Citadel Financial Market Update Covering January 2011

Weekly market analysis - Week to 18/01/11

Stock markets

18/1/2011

11/01/2011

wks chg

CAC 40 (Paris)

3,975.41

3,802.03

4.56%

Euro STOXX 50

2,910.63

2,760.88

5.42%

Dax (Frankfurt)

7,078.06

6,857.06

3.22%

11,787.38

11,647.89

1.20%

5,985.70

5,956.30

0.49%

3,108.29

3,088.45

0.64%

24,273.95

23,527.26

3.17%

2,977.65

3,108.18

-4.20%

18,957.95

19,224.12

-1.38%

Dow Jones Ind. Avg FTSE 100 FTSE All-Share UK Hang Seng Shanghai CSI 300 Mumbai (BSE) Nasdaq

2,755.30

2,712.00

1.60%

10,518.98

10,541.04

-0.21%

S&P 500

1,293.24

1,270.73

1.77%

SMI (Zurich)

6,578.17

6,446.32

2.05%

Nikkei 225

imports, times have turned tough for the majority of the country’s 10.5 million citizens.

Arab world faces market forces stress-test In pursuit of higher returns, investors have increasingly looked towards emerging economies to fuel their portfolios often turning a blind eye to their unsavoury internal practices, while rulers throughout the Arab world have managed to convince the West that their systems are the only alternative to extremism and terrorism however, just like elsewhere, uncompromising market forces will ultimately test these contradictions to the full. With three-quarters of most Arab populations now below the age of 30, demographics may spark the biggest social changes leading to a new sense of openness both at home and with their potential trading partners. Of Arab heritage, but with a strong Mediterranean, Roman and Phoenician history, Tunisia remains a nation of traders whose future success relies upon the freedom for their trade to bloom.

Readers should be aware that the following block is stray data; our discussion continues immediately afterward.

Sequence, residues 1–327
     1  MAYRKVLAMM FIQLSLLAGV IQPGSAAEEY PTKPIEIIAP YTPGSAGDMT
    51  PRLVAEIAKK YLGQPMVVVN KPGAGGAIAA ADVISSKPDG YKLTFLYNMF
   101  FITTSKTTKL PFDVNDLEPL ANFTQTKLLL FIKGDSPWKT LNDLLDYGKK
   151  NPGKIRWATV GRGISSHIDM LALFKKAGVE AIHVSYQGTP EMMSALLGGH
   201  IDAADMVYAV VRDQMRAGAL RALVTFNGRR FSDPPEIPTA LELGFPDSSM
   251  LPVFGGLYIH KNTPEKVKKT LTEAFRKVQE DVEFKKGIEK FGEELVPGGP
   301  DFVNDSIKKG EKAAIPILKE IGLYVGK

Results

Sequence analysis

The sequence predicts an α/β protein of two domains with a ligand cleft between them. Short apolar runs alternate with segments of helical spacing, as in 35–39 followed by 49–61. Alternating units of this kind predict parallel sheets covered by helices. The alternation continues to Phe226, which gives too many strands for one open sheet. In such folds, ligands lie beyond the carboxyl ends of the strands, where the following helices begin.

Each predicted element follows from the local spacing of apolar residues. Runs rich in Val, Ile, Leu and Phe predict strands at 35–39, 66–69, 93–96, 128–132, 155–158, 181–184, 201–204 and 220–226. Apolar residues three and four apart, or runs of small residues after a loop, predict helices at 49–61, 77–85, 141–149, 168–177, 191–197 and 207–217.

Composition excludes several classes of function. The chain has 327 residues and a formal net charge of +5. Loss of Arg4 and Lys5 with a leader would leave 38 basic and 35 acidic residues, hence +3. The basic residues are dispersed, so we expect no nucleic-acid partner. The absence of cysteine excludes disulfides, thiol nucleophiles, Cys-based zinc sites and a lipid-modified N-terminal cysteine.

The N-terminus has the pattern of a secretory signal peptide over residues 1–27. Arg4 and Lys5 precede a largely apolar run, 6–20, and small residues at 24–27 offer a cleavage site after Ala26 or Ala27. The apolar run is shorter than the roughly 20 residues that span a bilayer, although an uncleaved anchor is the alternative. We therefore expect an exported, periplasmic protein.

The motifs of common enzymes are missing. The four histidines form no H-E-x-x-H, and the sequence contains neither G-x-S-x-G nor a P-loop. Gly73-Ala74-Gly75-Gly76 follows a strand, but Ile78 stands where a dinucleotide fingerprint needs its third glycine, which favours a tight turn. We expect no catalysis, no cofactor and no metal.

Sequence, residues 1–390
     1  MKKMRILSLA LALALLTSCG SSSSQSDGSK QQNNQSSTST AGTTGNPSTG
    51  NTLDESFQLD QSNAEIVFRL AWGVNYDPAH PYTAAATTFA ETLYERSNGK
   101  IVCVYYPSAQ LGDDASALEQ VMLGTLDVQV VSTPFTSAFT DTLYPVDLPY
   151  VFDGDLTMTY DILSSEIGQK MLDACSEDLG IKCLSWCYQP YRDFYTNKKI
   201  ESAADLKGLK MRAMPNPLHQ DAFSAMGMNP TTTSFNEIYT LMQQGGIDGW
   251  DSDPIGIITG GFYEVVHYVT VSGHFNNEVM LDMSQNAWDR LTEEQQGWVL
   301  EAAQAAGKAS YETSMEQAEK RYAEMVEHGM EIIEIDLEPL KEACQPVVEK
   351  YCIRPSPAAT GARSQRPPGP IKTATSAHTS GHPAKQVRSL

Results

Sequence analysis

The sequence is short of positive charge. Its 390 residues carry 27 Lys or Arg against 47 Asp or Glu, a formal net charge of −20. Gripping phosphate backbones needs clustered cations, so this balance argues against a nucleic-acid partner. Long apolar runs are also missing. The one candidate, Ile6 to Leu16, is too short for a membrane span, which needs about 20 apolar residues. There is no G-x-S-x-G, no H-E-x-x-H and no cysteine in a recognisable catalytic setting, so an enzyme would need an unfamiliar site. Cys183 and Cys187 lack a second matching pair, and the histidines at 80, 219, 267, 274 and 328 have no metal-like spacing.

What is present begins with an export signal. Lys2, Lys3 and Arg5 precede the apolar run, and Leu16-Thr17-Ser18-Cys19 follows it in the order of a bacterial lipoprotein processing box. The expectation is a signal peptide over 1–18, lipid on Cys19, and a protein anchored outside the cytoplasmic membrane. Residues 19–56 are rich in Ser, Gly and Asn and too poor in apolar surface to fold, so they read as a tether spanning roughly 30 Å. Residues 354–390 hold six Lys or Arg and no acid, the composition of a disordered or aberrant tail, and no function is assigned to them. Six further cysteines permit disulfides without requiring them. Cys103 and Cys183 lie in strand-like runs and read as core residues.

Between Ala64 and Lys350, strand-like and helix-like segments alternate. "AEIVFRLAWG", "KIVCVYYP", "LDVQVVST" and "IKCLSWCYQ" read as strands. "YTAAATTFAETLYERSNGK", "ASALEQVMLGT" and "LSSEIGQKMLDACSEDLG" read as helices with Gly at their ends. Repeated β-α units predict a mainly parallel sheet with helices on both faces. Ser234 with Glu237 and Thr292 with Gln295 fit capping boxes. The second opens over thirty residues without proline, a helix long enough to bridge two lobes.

Article written by Mark Lamb, Head of Life at Citadel Insurance p.l.c. This article does not intend to give investment advice and its contents should not be construed as such. Information in this article has been obtained from various public sources and is given by way of information only. Readers are always encouraged to seek financial advice before making any investment decision.